The therapeutic value of art has long been observed, but only recently understood. Throughout history, countless individuals have experienced the healing powers of art, using their creative talents to sooth the psyche, uplift spirits, and nurse emotional wounds.
Nowhere is this phenomenon better understood than at the Creedmoor Psychiatric Center, a state institution in Queens Village and home to the Living Museum-a 40,000 square foot art studio and gallery that offers a supportive, nurturing environment to artists coping with mental illness. The patients residing in this dynamic community display an extraordinary talent for creating visually aesthetic works of an exceptionally high caliber. Selected artists from this collective bring their works to the QMA in the groundbreaking exhibition, In the Flow: Artists from the Living Museum.
The Living Museum is a pioneering institution, having established the first collection of art of people with mental illness in the United States. Co-founded in 1983 by the late artist Bolek Greczynski, and the psychologist and artist, Dr. Janos Marton, the museum provides a space where individuals beset with mental illness can be accepted as artists and work among colleagues. The outcome of their collaboration is a stress free environment in which patients can redefine negative self-images, and establish their existence as artists who happen to have a psychiatric diagnosis. Surrounded by a sense of camaraderie and encouragement, the members of this community are free to create, without the pressures and judgmental observations of the outside world.
In a world where conformity to social norms is expected, and eccentric behavior ridiculed, the Living Museum provides a refuge for the idiosyncratic, yet inspired thoughts people with mental illness. According to Marton: “Mental illness and art are a natural combination. People who have a mental illness are extremely blessed with artistic creativity.” The patients’ release their frustrations by using their art to channel emotions, communicate thoughts, and confront problems.
The agitated hyper reality associated with many types of mental illness-a heightened awareness of surrounding stimuli and the individual’s own thought process-ironically feeds the creative process. When in touch with these emotions and sensations, the artist is considered “”in the flow”” of inspiration-a source that has fueled the genius of no less than Vincent Van Gogh and Jackson Pollock. This exhibition helps viewers to develop a better understanding of the artists living with mental illness.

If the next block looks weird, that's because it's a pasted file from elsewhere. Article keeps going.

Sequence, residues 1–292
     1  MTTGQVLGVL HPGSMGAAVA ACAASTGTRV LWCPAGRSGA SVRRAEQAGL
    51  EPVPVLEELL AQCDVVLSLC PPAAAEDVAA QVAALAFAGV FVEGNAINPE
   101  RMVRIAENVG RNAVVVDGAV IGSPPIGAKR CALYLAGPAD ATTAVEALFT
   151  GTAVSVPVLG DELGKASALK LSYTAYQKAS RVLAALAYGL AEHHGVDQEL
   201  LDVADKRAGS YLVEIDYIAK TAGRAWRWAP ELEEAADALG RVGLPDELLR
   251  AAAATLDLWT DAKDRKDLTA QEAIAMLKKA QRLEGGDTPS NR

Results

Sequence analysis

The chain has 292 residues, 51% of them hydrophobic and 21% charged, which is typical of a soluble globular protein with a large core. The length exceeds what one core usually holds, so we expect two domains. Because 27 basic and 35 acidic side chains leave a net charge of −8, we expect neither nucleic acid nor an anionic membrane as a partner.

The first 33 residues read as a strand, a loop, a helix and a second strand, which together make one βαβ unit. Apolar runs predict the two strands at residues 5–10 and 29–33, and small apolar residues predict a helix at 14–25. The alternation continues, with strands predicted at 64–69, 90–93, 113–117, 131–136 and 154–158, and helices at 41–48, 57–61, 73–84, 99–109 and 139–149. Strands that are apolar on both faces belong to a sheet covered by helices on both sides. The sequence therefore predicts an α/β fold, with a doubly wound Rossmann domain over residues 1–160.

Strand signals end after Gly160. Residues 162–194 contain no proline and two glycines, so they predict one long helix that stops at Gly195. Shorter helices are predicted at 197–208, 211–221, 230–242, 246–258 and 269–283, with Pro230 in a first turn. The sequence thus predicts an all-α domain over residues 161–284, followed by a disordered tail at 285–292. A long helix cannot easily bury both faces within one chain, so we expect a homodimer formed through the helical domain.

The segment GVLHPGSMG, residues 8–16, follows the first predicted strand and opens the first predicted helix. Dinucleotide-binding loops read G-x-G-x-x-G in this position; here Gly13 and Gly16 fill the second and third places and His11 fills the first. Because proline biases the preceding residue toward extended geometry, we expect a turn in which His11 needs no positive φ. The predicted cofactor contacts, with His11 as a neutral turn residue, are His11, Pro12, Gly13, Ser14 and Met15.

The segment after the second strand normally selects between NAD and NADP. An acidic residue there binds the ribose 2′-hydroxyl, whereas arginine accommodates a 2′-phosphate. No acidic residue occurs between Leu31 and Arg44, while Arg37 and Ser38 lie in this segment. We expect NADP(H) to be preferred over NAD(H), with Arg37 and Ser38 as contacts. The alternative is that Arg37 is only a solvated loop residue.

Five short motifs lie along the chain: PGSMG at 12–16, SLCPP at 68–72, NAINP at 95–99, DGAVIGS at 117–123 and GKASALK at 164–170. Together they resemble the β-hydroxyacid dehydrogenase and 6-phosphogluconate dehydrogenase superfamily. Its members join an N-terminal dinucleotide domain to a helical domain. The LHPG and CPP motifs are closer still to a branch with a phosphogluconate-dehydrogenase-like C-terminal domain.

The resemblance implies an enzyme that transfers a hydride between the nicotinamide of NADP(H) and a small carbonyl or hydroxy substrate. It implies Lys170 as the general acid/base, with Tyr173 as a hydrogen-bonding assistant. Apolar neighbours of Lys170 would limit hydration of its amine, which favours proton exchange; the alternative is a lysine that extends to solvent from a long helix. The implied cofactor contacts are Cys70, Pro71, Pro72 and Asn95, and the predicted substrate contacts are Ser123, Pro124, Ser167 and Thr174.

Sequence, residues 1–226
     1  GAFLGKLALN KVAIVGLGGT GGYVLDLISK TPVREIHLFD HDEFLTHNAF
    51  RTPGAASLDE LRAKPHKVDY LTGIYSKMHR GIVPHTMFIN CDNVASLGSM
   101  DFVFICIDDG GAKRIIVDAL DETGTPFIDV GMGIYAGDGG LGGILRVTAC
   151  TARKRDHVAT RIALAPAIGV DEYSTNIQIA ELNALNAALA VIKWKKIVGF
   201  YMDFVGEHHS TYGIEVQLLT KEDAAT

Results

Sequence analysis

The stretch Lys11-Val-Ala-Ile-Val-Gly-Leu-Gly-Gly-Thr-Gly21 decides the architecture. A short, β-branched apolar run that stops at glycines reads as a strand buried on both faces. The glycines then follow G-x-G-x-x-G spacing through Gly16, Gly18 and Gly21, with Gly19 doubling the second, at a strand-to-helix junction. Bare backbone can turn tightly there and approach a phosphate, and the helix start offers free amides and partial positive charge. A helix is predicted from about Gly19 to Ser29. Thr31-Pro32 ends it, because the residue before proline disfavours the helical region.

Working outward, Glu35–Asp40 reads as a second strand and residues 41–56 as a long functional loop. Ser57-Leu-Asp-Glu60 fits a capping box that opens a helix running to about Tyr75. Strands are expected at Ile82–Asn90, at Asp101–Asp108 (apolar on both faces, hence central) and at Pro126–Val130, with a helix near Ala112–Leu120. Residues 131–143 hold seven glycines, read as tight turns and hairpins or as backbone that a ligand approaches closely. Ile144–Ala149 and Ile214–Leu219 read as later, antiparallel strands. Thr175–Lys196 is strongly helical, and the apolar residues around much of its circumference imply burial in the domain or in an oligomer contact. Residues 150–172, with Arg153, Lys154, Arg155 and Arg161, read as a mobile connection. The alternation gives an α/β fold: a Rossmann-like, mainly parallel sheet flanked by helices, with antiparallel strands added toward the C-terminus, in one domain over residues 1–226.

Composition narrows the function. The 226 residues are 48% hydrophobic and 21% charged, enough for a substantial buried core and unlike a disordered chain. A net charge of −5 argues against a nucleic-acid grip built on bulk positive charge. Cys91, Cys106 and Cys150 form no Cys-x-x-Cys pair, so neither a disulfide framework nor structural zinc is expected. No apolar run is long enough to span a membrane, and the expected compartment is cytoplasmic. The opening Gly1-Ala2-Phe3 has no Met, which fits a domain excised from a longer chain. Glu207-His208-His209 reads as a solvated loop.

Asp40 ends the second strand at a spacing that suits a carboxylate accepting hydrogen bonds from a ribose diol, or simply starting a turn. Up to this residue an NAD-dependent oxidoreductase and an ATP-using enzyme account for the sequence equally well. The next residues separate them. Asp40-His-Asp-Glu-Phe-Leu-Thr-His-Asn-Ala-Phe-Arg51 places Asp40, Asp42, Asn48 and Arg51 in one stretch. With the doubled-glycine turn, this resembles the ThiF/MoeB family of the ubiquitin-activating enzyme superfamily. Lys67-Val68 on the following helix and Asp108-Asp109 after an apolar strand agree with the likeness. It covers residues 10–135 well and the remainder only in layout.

The QMA is a most appropriate venue to house this unique exhibition. ArtAccess, the museum’s educational program for individuals with special needs, offers an array of workshops for children and adults with a variety of emotional, cognitive, and physical abilities. The QMA was one of the nation’s first cultural institutions to provide educational services to the developmentally and mentally disabled, and continues to serve as a model for other museums.
In the Flow has been generously supported in part by Bristol-Myers Squibb Company and IDB Bank (Israel Discount Bank of New York).
Participating artists: Eileen Ahern (b. 1948, New York, New York), Tom Baxter (b. 1949, Flushing, New York), Frank Boccio (b. 1952, Brooklyn, New York), Paula Brooks (b.1979, Jamaica, New York), James Correa (b. 1974, Astoria, New York), Darrell Freeman (b. 1960, Memphis, Tennessee), Issa Ibrahim (b. 1965, Jamaica, New York), James Kusel (b. 1965, Brooklyn, New York), Yi Ping Lo (b. 1960, Hong Kong), John C. Mapp (b. 1959, New York, New York), Diane Matarrese (b. 1952, Flushing, New York), Sabita Neron (b. 1959, Georgetown, Guyana), Helen Sadowski (b. 1951, Darby, Pennsylvania), Bill Stanton, John Tursi (b. 1961, Whitestone, New York), David Waldorf (b. 1949, Howard Beach, New York), Richard Smith (b. 1947, Manhattan, New York), Lenny (b. ca. 1950, Queens, New York), Joe (1907-1992, Queens, New York), Bolek Greczynski (1951-1995, Kraków, Poland), Kenneth Golub (b. 1961, Manhattan, New York)
The Exhibition and the accompanying catalogue are supported in part by: Queens Borough President Helen M. Marshall; Bristol-Myers Squibb Company; IDBBank (Israel Discount Bank of New York)
Language detector for SVG